With the capture and arrest of the suspect in the Boston Marathon bombings, there are three opinion pieces I want you to read, as well as the first three paragraphs in particular from the front page of Thursday’s paper. As you hopefully know, at first authorities considered charging the surviving bomber as an enemy combatant, and deliberately decided not to Mirandize him once he regained consciousness. Remember that he is a naturalized US citizen captured on American soil and has so far not been tied to any international terrorist organizations.
http://www.stltoday.com/news/national/boston-bomb-investigation-extends-to-russia/article_047ec30a-d724-5b49-9811-c4c0941fd3dc.html (first three paragraphs are particularly important).
First, from an editorial from the Post-Dispatch: http://www.stltoday.com/news/opinion/columns/the-platform/editorial-president-or-terror-suspect-the-rule-of-law-applies/article_411048ff-1e15-5032-8b1c-9756bc4a7d93.html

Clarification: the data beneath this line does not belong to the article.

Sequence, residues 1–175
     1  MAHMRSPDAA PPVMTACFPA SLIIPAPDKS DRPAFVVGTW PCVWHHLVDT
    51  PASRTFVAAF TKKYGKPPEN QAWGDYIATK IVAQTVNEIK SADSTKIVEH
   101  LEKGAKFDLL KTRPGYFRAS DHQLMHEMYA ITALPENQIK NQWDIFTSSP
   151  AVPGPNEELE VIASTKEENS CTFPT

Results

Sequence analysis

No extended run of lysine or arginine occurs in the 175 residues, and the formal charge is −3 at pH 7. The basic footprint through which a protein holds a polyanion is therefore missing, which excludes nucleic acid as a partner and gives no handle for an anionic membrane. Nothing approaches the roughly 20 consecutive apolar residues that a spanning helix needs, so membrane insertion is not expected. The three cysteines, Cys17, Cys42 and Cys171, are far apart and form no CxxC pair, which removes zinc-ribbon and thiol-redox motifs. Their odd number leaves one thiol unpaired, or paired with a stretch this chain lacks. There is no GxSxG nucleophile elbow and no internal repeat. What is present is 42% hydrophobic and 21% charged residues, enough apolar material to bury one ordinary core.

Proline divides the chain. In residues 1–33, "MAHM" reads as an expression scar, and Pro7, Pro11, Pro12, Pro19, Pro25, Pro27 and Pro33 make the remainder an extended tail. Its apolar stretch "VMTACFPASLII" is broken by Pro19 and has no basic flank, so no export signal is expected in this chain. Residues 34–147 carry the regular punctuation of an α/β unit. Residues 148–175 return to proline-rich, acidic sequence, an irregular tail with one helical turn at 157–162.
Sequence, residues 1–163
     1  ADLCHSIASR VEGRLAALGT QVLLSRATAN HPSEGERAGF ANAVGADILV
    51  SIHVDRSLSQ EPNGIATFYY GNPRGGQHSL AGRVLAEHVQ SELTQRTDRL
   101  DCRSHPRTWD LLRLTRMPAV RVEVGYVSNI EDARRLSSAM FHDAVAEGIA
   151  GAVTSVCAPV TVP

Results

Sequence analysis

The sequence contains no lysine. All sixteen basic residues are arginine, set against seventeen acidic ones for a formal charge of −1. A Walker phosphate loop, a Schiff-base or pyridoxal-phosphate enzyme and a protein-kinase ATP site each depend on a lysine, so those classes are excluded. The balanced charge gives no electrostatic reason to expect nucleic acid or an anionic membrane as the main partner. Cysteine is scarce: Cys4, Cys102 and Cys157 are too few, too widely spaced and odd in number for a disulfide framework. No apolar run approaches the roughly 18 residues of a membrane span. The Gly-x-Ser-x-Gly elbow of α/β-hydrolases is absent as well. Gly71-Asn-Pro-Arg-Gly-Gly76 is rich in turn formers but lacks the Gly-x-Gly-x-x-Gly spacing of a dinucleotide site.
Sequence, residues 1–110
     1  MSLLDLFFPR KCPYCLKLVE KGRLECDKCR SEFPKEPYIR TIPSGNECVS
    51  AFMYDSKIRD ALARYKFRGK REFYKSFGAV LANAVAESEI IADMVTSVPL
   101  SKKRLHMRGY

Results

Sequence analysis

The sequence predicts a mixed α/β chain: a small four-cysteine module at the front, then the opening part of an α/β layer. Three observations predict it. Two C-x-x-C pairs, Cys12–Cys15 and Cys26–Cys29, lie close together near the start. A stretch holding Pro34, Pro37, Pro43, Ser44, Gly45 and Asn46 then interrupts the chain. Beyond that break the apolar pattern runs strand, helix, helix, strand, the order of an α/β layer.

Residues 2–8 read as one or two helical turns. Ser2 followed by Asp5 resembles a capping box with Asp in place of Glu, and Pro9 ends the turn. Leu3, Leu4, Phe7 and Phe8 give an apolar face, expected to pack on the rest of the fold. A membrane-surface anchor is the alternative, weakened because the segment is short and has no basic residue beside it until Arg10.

And this one from conservative commentator George Will: http://www.stltoday.com/news/opinion/columns/george-will/george-will-the-shame-of-deference/article_20bdbf54-e3fd-5fdb-aab5-7d8bb93e623e.html
This is a great chance to APPLY what we learn and use it to determine our course of action. It is also a good chance to review the Constitutional Amendments and Supreme Court decisions as well as other historical precedents that apply to our understanding of civil liberties. We will be discussing this in class next Tuesday, April 30. Take notes and CONSIDER your answer to these questions:
What are civil liberties? What is the purpose of civil liberties? Are they negotiable or variable? What does history show us about limitations on civil liberties in times of war or crisis? What points does George Will make about previous instances of racially-based civil liberties decisions? What point does Kathleen Parker make about the ease of stripping those perceived as “alien” or “other” of their rights and claims to humanity?
Here is a link outlining very briefly the current case law on the matter of enemy combatants and civil liberties: http://web.law.duke.edu/publiclaw/civil/index.php?action=showtopic&topicid=24